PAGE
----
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Thread: while

  1. #21
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    It can also be noted that in these sentences, 'while' keeps a bit of his 'simultaneity' meaning, whereas we're talking about two successive events in Taka's sentence. 'While' might not be very accurate to this regard in the original sentence.

    FRC

  2. #22
    Taka is offline Senior Member
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    Quote Originally Posted by twostep
    He turned the sentence and thus the structure around.
    Yes, I intentionally made it that way. :D

    The street is wet while it is not rainy.
    I thought the reason why it did not make sense was that you detected the dissonance because the tenses were incompatible. I didn't think the word order was that much significant for the semantic determination. So I made the tenses compatible while I kept it "X while Y."

    But now it really seems that the order IS the determinant. :(

    Quote Originally Posted by Francois
    When you turn it around, it becomes correct. Strange, isn't it?
    Strange, it is, really. And I do want to know why (I mean, it's the same "while", right? What psychology is there behind that makes "while" "although" in one case, and doesn't in another??)

  3. #23
    Tdol is offline Editor, UsingEnglish.com
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    I think it's because the position that sounds wrong raises the spectre of the other meaning of while.

  4. #24
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    Default Re: while

    Quote Originally Posted by Taka
    The question:

    The street is wet ( ) it hasn't been raining.
    1.while 2.since 3.because 4.even though


    It should be #4, but I don't know exactly why #1 is not possible.

    Does anybody know why?
    Semantics/Ambiguity
    Continuity: while + has been -ing = at the same time, during:

    While/During the time that it hasn't been raining, the street is wet. :(

    Repair Strategies
    1. Change the subordinator:
    Although it hasn't been raining, the street is wet. :D

    2. Change the tense:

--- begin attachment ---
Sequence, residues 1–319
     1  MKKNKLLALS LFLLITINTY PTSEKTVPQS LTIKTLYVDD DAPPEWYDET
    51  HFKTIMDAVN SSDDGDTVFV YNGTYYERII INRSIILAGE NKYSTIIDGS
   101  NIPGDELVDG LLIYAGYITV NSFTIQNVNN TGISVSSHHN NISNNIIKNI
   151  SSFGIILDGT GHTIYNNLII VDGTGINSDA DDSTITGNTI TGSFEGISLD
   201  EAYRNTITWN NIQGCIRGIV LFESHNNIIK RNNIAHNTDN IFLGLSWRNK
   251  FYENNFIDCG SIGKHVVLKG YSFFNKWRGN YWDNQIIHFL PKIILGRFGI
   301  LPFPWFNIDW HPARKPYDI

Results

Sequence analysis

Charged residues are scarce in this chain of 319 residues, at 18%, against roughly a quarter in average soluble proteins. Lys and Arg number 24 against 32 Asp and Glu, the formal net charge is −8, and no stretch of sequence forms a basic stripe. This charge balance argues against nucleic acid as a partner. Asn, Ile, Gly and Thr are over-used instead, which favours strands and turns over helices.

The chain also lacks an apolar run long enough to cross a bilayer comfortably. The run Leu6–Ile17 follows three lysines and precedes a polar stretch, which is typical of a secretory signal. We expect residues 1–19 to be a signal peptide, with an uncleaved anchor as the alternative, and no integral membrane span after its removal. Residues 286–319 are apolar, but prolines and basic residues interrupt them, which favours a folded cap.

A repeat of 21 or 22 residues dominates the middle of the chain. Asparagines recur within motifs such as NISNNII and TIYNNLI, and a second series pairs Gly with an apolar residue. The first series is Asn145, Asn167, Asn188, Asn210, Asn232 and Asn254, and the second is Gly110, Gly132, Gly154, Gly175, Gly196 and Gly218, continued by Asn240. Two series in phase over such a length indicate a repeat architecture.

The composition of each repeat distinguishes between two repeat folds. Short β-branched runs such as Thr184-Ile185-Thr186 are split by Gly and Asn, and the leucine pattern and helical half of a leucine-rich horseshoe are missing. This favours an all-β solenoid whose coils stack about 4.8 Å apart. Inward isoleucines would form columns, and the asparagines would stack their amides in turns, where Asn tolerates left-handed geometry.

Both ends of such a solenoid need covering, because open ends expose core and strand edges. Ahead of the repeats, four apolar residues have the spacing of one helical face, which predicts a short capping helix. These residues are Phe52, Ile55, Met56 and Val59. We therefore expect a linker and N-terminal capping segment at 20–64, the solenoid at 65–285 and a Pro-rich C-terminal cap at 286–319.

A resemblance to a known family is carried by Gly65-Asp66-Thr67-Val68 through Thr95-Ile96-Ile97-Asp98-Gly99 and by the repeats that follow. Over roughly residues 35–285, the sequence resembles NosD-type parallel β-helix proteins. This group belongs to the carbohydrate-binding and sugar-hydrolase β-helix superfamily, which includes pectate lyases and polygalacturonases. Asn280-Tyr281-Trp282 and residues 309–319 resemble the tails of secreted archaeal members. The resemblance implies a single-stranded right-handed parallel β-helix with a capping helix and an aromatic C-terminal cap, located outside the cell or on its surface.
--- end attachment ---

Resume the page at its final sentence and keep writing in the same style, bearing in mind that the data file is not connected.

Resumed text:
While it hasn't rained (all day), the street is wet. :D

  5. #25
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    Quote Originally Posted by Tdol
    If you said 'while it hasn't been raining, the street is wet' it works
    FRC

  6. #26
    Taka is offline Senior Member
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    Quote Originally Posted by tdol
    I think it's because the position that sounds wrong raises the spectre of the other meaning of while.
    Er...what do you mean, tdol?

  7. #27
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    Without the inversion, the sentence is too prone to confusion.

    FRC

  8. #28
    Taka is offline Senior Member
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    Quote Originally Posted by Francois
    Without the inversion, the sentence is too prone to confusion.

    FRC
    I see. And why do you think it is so?

  9. #29
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    I'm not sure. I admit it took me a couple of seconds to understand why you thought 'while' could fit in the original sentence, whereas it's obvious with the inversion. It makes me think of 'since', which can introduce causatives in addition to the usual temporal meaning. The typical tricky exam question.

    FRC

  10. #30
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    Quote Originally Posted by Francois
    I'm not sure. I admit it took me a couple of seconds to understand why you thought 'while' could fit in the original sentence, whereas it's obvious with the inversion. It makes me think of 'since', which can introduce causatives in addition to the usual temporal meaning. The typical tricky exam question.

    FRC
    It boils down to how subordination functions. Does "it hasn't been raining" depend on "The street is wet" or does "The street is wet" depend on "it hasn't been raining"? Which of the two is the dependent clause and which of the two is the subordinate clause? :wink:

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